Gittip, founded by software developer Chad Whitacre, describes itself as “Sustainable Crowdfunding”. It allows users to make recurring (weekly) donations to other users, anonymously (the total donated/received per user is shown). Many of the top receivers shown on the site’s front page are open source developers or other community members. It seems to have had particular success with Python developers, perhaps as Whitacre shares that background.

However… I would argue Gittip is more akin to “crowd patronage”, “micro patronage” (microdonations/micropayments) or plain old fundraising.

Kickstarter being the canonical example, I would argue the following elements define crowdfunding, from most important to least:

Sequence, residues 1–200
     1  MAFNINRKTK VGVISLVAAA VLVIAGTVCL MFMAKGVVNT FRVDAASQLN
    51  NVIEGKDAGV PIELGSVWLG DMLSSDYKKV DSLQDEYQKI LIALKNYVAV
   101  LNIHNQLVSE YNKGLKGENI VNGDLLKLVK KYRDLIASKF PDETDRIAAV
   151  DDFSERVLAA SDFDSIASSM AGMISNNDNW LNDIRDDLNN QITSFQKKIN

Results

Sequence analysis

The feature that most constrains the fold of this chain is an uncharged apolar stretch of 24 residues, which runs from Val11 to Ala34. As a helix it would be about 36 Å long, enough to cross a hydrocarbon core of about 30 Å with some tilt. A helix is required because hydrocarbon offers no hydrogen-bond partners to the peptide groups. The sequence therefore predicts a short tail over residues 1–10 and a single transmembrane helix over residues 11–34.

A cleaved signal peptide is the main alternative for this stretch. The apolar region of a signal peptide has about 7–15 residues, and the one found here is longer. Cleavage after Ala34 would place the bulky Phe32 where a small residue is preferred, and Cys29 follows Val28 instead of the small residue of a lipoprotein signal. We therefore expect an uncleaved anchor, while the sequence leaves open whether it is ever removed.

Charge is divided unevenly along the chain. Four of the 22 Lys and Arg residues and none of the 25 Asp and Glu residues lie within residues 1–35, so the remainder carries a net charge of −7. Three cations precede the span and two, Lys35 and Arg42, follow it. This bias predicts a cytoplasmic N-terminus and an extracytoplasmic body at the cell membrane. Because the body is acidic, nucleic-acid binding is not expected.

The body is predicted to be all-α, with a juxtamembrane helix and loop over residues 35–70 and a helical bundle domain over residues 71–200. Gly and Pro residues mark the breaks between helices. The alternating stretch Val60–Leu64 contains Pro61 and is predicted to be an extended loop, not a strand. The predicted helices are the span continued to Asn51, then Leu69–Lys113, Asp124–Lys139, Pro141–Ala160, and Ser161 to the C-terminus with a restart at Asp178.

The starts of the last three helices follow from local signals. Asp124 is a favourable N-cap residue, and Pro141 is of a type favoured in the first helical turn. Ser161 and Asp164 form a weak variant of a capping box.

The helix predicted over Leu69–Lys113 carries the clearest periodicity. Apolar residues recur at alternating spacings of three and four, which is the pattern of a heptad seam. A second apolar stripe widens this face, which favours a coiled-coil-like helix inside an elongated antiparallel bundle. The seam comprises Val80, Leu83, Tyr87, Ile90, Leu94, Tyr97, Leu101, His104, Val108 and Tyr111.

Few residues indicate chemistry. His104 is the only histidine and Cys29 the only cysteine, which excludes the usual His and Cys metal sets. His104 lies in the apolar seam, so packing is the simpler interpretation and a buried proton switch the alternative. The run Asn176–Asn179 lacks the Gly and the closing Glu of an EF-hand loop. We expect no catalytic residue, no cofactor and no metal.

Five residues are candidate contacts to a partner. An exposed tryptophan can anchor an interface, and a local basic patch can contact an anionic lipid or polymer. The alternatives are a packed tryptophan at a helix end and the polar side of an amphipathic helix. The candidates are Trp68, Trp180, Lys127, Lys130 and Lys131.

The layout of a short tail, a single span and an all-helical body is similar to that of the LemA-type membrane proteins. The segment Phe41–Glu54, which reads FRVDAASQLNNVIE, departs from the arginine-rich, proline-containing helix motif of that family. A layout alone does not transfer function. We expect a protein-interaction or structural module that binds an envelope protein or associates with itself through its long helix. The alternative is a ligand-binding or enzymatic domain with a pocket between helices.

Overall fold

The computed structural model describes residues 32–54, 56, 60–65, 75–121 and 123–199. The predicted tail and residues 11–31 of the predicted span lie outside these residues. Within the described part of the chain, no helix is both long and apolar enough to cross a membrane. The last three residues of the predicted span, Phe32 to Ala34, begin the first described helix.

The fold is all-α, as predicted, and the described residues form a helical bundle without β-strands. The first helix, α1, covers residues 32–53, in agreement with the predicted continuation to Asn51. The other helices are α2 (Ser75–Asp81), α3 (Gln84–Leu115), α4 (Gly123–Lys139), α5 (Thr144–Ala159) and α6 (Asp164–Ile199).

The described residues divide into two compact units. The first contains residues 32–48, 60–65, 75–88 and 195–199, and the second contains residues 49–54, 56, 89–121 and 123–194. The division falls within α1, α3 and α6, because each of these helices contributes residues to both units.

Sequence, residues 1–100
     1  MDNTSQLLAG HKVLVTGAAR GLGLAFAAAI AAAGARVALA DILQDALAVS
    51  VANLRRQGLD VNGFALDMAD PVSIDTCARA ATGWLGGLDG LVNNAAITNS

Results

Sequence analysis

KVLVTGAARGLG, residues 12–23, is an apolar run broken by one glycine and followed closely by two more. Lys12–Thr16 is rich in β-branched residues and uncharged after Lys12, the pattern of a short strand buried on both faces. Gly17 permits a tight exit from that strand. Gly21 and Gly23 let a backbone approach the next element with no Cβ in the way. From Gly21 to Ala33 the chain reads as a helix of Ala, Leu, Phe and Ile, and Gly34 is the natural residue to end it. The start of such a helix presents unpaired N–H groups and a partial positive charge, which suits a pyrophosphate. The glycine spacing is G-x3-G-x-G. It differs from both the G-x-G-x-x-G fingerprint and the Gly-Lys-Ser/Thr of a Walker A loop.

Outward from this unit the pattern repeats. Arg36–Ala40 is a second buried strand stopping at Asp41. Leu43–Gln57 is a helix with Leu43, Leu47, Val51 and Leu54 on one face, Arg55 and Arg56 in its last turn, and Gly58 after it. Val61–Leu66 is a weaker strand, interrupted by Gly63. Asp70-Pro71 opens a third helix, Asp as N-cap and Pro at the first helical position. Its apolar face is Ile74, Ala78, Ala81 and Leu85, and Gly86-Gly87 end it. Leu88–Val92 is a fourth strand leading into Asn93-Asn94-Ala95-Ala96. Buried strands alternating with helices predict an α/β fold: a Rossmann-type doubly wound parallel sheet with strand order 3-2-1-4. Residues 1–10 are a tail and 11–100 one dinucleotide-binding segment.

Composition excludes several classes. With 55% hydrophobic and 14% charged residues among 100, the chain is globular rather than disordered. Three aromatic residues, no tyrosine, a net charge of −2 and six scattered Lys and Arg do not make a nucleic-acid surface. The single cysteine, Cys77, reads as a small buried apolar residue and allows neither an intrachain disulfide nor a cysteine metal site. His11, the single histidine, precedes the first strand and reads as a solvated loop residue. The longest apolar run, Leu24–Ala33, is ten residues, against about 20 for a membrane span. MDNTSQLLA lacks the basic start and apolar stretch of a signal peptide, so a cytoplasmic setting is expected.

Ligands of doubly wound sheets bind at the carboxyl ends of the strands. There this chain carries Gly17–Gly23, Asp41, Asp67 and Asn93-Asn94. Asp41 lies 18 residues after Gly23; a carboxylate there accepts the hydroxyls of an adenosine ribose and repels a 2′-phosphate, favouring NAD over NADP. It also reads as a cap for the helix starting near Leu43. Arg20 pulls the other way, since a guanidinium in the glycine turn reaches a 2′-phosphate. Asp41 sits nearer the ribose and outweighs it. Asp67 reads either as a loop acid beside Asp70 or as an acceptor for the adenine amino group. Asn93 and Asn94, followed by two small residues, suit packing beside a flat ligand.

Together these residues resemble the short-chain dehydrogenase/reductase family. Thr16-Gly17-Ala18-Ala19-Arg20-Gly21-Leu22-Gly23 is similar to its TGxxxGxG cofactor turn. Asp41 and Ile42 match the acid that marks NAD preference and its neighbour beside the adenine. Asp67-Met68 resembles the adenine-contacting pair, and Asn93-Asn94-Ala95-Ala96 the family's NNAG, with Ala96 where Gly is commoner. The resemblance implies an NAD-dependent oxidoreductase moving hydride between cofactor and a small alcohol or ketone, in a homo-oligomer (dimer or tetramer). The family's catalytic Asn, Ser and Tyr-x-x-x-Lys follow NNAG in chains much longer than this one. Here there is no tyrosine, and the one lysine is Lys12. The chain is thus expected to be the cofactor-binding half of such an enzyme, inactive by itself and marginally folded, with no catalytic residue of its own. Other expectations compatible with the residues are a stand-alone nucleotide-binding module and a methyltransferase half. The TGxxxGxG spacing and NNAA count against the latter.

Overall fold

• Payments/donations from many people
  • Towards a specific amount
  • For a specific aim
  • By a specific time
  • With “rewards”
  • And an all-or-nothing approach (if the goal amount is not reached, no one pays).

Indiegogo differs from Kickstarter in the last point in offering both “fixed funding” and “flexible funding” (where campaigners will receive all funds even if the goal amount is not reached), but it is obviously a lot closer to the Kickstarter style than Gittip, which shares only the first point in common.

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